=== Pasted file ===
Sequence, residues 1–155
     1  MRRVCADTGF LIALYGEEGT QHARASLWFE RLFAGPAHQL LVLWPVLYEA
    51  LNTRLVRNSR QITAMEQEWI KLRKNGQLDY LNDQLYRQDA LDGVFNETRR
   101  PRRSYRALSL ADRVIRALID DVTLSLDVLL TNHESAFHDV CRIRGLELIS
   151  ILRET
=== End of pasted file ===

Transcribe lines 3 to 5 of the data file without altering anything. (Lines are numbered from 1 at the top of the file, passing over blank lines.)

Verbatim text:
    51  LNTRLVRNSR QITAMEQEWI KLRKNGQLDY LNDQLYRQDA LDGVFNETRR
   101  PRRSYRALSL ADRVIRALID DVTLSLDVLL TNHESAFHDV CRIRGLELIS
   151  ILRET